This is a question I grappled with throughout the recipe-testing process for Cocktails for a Crowd. It might seem like a trifling matter — but you’d be surprised how much it impacts a cocktail. The right amount of water makes a cocktail better — that’s one of the reasons we add ice to drinks.
Although I ultimately landed on adding about 25% to 30% water to simulate the effect of melting ice, as usual, Dave Arnold figured out a more precise way to figure out the right amount of water to add.
And he figured it out years before I did.
If you don’t already know Arnold, he’s the poster boy for better cooking (and drinking) through chemistry. He’s the mastermind behind Booker & Dax, a chemistry lab-turned-cocktail bar. He’s also one of the driving forces behind the Museum of Food and Drink (MOFAD) — an enterprise I’m excited about– and hosts the longtime “Cooking Issues” podcast on Heritage Radio Network.
During a 2010 episode of Cooking Issues, Arnold tackled the topic of how much water to add to a pre-batched cocktail. Not only that, he compared how to handle drinks that are traditionally shaken vs. those that typically are stirred. “It’s hard to pre-batch a shaken cocktail,” he admits. “You really do need to shake it to get the texture right.”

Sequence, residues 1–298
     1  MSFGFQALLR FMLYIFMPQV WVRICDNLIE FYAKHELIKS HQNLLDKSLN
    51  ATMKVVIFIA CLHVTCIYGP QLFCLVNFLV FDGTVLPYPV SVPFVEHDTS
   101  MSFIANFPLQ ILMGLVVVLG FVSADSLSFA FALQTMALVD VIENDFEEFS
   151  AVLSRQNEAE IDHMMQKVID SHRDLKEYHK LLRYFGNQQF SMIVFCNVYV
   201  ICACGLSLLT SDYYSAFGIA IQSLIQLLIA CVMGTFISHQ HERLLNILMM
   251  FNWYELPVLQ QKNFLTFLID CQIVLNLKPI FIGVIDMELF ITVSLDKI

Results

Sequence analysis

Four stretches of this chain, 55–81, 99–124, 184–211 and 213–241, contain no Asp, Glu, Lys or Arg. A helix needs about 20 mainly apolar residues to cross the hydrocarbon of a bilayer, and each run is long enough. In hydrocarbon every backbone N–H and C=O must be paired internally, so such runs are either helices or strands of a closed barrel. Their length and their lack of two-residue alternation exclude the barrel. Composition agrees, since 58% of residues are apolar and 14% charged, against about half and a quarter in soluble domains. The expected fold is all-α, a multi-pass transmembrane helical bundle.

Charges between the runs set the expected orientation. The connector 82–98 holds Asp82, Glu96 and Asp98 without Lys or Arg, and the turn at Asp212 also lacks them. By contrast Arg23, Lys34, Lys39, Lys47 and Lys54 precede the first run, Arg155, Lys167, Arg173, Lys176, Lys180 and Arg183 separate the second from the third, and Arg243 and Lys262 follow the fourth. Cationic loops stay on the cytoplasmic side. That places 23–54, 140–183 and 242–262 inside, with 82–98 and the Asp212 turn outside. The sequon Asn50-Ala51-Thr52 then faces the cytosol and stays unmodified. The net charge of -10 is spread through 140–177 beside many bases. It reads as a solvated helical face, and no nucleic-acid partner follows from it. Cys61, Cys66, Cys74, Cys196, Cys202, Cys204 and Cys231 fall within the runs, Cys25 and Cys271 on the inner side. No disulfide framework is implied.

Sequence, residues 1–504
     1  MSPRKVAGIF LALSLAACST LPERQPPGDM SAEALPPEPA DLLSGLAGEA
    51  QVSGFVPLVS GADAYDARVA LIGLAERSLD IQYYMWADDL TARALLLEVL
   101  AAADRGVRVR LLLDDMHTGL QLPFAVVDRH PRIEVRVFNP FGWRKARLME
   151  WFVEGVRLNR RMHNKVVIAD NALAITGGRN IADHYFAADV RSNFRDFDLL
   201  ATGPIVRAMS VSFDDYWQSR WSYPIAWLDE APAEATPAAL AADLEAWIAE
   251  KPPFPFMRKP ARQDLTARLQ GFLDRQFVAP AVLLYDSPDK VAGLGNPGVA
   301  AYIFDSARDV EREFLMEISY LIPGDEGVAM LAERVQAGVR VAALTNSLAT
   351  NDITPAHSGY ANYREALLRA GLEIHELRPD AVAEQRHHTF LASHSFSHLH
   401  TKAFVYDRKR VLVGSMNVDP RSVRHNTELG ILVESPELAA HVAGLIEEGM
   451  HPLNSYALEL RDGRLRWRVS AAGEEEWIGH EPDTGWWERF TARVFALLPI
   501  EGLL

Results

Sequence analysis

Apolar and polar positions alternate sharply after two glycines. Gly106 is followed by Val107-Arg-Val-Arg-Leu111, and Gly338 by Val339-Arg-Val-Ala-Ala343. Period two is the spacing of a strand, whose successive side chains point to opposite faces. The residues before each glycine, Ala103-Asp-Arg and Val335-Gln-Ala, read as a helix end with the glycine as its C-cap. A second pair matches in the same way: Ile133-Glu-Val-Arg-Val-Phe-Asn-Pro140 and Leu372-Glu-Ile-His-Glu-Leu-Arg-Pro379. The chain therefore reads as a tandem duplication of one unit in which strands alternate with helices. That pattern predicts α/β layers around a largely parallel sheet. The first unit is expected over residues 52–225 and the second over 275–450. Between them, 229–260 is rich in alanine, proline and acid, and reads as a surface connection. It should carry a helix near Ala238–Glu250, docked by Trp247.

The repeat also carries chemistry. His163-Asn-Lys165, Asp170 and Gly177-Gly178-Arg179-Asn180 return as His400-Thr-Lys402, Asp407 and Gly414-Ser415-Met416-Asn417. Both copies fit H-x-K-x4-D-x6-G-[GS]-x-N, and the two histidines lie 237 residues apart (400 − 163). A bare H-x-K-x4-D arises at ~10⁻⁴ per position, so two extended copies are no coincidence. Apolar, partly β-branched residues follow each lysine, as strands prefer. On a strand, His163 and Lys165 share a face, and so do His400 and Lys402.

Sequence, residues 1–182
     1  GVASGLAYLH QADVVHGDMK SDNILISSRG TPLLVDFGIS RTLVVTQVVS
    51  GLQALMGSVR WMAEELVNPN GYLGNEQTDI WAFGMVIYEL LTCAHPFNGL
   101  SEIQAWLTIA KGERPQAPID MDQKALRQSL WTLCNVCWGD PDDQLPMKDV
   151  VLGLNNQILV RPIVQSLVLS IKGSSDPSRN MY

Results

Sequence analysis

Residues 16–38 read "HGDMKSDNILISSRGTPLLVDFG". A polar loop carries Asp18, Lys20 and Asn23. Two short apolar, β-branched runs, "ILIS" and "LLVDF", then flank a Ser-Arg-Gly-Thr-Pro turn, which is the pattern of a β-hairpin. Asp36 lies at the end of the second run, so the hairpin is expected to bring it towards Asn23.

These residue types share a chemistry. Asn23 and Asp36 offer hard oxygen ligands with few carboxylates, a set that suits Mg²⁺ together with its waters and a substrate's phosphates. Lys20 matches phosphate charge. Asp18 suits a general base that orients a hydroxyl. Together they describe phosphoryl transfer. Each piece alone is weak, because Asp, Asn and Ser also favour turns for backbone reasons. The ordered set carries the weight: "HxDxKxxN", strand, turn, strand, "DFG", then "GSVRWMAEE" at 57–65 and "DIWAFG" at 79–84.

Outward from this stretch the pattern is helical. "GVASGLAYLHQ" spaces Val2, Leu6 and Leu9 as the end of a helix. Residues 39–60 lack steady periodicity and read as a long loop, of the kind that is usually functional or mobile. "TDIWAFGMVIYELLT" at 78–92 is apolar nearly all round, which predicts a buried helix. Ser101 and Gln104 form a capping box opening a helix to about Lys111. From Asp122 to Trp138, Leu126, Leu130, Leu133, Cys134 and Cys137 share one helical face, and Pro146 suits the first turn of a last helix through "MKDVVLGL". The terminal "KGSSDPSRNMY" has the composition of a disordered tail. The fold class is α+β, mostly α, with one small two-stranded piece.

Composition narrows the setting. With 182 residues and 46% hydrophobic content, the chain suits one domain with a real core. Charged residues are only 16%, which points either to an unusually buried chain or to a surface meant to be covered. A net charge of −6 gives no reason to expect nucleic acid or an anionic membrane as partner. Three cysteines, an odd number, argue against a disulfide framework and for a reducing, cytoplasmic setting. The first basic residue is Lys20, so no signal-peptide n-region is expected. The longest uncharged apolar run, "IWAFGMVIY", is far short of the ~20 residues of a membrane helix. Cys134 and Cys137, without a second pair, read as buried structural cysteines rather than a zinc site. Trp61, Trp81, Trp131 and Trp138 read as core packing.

Of course, his mad-scientist approach involves using liquid nitrogen to dilute the drink and still get the properly aerated texture that shaking provides. Most home bartenders, of course, aren’t about to start fiddling with liquid nitro. “If possible, choose a stirred drink to pre-batch,” Arnold concludes. (I agree — but then again, I might be up for replicating shaken drinks for 20 people, where he would be replicating them for a “crowd” of 200 guests.) Here’s how Arnold determines how much water to add:
Make a single drink, using volume, the way you normally would, with jiggers. Weigh it on an accurate scale. Write the number down, that’s how much drink you’re starting with. Add your ice, stir it, then strain it. Now weigh how much the drink weighs now. That’s the weight of the total cocktail. Subtract the weight of the liquor you used from the total weight of the cocktail, and that’s the amount of water you should add. That’s the way to do it, instead of guessing in your head at 25%. If you just add water at room temp and taste it – When you chill it, the balance will be off.
It may seem tedious, but Arnold notes that you only need to do it once – if you get it right and write the recipe down, you don’t need to re-test it every time. And as Arnold says, “Your pre-batched drinks will thank you for it.“